It doesn't stop at fresh flowers! Hydrangeas are also a favorite for use in dried floral arrangements, where their blooms can be preserved and used long after they have dried. Dried hydrangea blooms can be used in wreaths, garlands, and other decorative arrangements, adding a touch of natural beauty to any space. 

(Above) Vibrant purples of Seaside Serenade® Newport Hydrangea in a cut flower arrangement.

(Above) Blue Seaside Serenade® Cape Cod Hydrangea cut flowers in a vase.

3 Favorite Mophead Hydrangeas

Seaside Serenade® 
Fire Island Hydrangea

A parade of color with long-lasting, bi-color blooms that are white, edged in rich rosy red, and mature to deep pink. Partial shade to filtered sun. Up to 4′ tall, 3′ wide. Zones 4-9.

Seaside Serenade® 
Cape Cod Hydrangea

A hardy, repeat blooming machine with big, mophead flowers, extra-dark green leaves, and a neat, mounded form. Partial shade to partial sun. Up to 4′ tall and wide. Zones 4-9.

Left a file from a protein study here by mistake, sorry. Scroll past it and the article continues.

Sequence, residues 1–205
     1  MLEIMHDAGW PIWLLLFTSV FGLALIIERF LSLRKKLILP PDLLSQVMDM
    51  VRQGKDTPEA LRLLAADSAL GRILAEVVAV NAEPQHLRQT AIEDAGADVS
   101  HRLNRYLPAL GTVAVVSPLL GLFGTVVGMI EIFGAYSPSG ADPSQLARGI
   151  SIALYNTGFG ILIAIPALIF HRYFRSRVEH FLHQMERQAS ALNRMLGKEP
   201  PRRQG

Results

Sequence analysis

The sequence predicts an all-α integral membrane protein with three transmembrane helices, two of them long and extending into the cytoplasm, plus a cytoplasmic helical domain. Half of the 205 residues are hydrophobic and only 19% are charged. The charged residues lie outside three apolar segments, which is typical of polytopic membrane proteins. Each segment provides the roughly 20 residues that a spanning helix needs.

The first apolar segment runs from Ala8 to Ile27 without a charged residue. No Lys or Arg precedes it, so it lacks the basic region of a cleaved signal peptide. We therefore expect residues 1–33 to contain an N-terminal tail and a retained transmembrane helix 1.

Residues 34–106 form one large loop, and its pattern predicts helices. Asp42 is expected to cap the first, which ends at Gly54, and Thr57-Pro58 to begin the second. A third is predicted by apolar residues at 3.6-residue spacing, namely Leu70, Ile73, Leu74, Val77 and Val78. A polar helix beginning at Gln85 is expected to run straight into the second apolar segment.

Seaside Serenade® 
Hamptons Hydrangea

Huge, ball-shaped blooms with thick, intense pink florets on amazingly tough stems. Partial shade to partial sun. Up to 4' tall, 3′ wide. Zones 4-9.

3 Favorite Panicle Hydrangeas

Strawberry Shake™

A gorgeous panicle hydrangea in a compact form. Flower clusters open white and quickly mature to a soft, rosy pink. Up to 5' tall, 4' wide. Zones 4-8.

Candy Apple™

Huge clusters of beautiful, creamy-green flowers that age to a pure white. Extra-sturdy stems do not flop. Up to 5' tall and wide. Zones 4-8.

Early Evolution 

Flowers start lime-white in spring before turning pure white, then blush as they age, ending up dark pink in September. Full to filtered sun. Up to 2' tall and wide. Zones 4-9.

Learn Even More About Growing Hydrangeas 

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2023-04-17 17:19:00